You’ve recently spoken to more than a dozen Heads of Tax who have been made redundant. Is this a widespread trend?
From the Big 4 to the Top 20, FTSE 100 to FTSE 350 board members are restructuring their teams to the point that the Head of Tax function is becoming a slightly risky role to take on. As widespread as 15 Heads of Tax being made redundant can be, it is a trend that we are seeing, but at Pro we are keen to see if this is just a ‘culling’ exercise or whether we will continue to see a domino effect.
What are businesses doing following the departure of their Head of Tax?
After the Head of Tax leaves, you tend to find that they have done such a good job, that their No.2 has been promoted and is on average between £60-100k less than them as a salary. Businesses promote their Senior Tax Manager into the Head of Tax role with circa £20,000 pay rise and then expect them to perform the role of a Head of Tax and have the ability to mitigate the risk and hold the board with the same credibility as the previous incumbent.
There’s little doubt that tax is of increasing importance on the Boardroom agenda. How are CFOs deciding what work they keep in-house, and what they refer to external advisers?
Tax is one of the biggest topics in the boardroom. It still plays a primary role in any business and generally in the news, especially given the risks ahead that face our economy.
We can’t legislate for the decisions that are being made here, but there must be an agenda from these CFOs as to why Heads of Tax are being made redundant. Is it because they seek up-to- the-minute, current tax advice from their external advisors? Quite possibly. Are they looking to stay out of the news and be whiter-than-white when it comes to tax compliance and the risks associated? Maybe.
We are sure this isn’t a cost-cutting exercise, but rather a strategic move by CFOs that are more commercially minded now than they have ever been before.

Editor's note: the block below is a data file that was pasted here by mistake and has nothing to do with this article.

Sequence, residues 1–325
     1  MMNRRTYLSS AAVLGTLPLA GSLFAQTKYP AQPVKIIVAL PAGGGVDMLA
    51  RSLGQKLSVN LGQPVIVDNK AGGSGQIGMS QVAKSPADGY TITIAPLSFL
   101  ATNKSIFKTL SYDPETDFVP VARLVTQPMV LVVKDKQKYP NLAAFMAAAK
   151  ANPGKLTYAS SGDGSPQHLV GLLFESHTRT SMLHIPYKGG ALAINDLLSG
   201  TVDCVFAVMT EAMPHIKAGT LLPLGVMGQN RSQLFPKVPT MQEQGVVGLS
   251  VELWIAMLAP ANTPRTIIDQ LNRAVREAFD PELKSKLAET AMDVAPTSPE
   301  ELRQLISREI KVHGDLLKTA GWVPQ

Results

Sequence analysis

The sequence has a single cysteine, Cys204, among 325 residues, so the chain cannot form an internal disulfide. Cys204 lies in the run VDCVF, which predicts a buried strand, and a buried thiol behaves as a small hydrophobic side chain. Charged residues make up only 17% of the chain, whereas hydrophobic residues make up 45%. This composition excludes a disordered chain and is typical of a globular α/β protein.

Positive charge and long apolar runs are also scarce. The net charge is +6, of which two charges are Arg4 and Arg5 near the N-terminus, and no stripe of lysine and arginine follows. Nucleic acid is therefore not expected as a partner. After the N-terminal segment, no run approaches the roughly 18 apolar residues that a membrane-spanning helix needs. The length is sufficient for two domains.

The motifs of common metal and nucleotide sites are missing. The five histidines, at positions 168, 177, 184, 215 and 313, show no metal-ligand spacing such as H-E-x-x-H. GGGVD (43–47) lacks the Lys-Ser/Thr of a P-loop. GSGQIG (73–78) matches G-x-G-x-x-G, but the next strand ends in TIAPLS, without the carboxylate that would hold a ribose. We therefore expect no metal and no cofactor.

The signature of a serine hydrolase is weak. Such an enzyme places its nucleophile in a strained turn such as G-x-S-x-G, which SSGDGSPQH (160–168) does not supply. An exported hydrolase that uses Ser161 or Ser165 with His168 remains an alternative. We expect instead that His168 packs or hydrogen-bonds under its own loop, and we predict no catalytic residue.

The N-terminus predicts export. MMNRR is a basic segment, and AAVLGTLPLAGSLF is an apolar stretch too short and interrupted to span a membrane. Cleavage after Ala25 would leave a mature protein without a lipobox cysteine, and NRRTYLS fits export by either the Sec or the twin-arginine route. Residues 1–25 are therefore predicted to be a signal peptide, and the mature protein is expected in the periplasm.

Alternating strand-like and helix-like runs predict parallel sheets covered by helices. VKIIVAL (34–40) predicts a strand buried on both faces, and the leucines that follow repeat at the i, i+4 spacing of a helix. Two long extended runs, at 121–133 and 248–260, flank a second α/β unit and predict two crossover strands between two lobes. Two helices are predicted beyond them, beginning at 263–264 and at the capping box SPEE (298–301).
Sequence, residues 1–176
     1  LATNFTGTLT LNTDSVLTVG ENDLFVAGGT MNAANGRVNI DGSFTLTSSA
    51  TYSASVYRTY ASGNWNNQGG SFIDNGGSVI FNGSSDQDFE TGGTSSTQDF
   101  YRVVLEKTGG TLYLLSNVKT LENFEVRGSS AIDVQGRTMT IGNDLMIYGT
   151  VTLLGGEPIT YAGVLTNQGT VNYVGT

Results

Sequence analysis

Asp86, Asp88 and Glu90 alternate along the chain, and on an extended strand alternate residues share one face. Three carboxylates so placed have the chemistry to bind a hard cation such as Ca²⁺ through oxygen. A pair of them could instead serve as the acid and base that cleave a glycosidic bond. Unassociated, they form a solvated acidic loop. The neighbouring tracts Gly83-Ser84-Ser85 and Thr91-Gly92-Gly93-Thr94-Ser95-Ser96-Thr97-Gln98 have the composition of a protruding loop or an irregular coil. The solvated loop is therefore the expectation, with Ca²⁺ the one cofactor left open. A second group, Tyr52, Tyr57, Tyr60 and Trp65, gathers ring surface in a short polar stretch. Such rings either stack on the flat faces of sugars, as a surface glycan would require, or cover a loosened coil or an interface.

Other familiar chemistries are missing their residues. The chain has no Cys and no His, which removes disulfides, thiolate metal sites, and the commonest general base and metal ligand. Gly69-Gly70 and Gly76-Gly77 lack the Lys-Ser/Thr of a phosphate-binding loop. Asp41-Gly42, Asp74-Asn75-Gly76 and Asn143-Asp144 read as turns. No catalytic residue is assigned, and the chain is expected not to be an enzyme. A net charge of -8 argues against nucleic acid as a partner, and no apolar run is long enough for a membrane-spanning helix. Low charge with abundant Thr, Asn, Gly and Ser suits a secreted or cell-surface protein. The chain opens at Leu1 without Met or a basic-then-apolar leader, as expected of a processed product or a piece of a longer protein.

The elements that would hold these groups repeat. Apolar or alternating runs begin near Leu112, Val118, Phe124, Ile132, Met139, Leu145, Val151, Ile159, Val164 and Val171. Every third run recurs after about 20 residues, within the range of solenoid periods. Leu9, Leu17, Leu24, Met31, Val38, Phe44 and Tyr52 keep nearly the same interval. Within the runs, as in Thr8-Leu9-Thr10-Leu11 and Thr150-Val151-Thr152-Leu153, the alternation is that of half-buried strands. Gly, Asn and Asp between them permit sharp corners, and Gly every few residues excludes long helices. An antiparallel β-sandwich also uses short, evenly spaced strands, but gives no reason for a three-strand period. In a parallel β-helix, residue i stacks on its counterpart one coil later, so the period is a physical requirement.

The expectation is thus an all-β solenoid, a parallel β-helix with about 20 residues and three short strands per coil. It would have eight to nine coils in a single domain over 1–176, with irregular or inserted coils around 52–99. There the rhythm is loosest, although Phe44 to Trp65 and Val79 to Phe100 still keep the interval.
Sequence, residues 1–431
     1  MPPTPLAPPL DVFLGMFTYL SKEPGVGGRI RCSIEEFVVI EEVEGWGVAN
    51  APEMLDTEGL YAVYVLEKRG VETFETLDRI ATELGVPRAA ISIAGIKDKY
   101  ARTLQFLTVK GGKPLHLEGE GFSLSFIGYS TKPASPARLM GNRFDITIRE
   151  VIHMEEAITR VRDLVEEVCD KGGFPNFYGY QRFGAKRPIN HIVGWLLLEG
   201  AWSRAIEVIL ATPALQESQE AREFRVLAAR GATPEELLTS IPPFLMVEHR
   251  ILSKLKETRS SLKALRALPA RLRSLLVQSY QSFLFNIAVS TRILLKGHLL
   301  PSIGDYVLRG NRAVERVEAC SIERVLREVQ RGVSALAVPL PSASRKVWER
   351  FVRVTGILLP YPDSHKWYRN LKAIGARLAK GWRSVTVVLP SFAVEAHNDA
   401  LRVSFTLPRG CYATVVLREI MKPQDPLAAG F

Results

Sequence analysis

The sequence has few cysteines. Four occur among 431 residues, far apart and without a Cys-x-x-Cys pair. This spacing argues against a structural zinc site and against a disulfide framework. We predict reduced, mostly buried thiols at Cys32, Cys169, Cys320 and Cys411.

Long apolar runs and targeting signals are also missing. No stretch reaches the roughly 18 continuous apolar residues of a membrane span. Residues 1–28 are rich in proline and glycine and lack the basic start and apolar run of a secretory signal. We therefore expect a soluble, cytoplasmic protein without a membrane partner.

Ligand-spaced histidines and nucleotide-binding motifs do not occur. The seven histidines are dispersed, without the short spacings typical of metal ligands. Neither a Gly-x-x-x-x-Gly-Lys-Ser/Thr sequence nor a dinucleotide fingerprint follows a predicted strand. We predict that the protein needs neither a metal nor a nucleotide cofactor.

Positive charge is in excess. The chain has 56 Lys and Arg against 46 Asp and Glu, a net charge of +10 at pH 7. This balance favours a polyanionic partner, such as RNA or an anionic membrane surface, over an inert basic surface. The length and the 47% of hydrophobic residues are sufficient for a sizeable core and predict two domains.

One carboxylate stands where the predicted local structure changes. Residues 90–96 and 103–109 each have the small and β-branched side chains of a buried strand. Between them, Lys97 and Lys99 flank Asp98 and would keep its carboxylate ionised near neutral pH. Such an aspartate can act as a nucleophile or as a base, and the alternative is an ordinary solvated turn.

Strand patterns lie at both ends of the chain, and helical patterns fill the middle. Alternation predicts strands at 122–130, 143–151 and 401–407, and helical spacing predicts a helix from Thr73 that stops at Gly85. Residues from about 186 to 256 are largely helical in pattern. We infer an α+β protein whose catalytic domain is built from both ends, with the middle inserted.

With the new ‘slightly more junior’ Head of Tax in place, we will continue to see them use external advisors. These tax professionals, whilst extremely technical and very capable, have been used to having a Partner or a Head of Tax to give them direction, affirmation and clarification around certain topical issues. We foresee this to continue, especially given they are not paid the salary that the previous Head of Tax would have been to take on that huge risk that tax has on a business. One thing is for sure, we are still seeing the FTSE 350 rely heavily on the external advisors for specialist subjects including R&D, Tax Technology, FATCA, Transfer Pricing, Share Schemes and general strategic advice.
What other notable trends are you seeing in the tax market?
Generally, the tax market is very buoyant and there is a lot of movement. There are more contract and interim roles now than there has ever been. There are also more roles at the Manager/ Senior Manager level than there has ever been, this is possibly down to the fact that we have less tax professionals at this level (3-5 years’ PQE) due to the lack of recruitment in tax graduates between 2008 and 2010.
As such, we have seen an increase in contract and interim Head of Tax roles, so in essence the previous ‘permanent’ Head of Tax has gone from the payroll and CFOs are keen to bring on board a specialist or high level Head of Tax for a short period of 6-12 months.
Alison Keogh started her recruitment career in 2002 and now sits on the Director Board at Pro-Recruitment Group. Alison heads up the Tax Team, which consists of Practice and Commerce & Industry experts as well as Tax Partner Search specialists.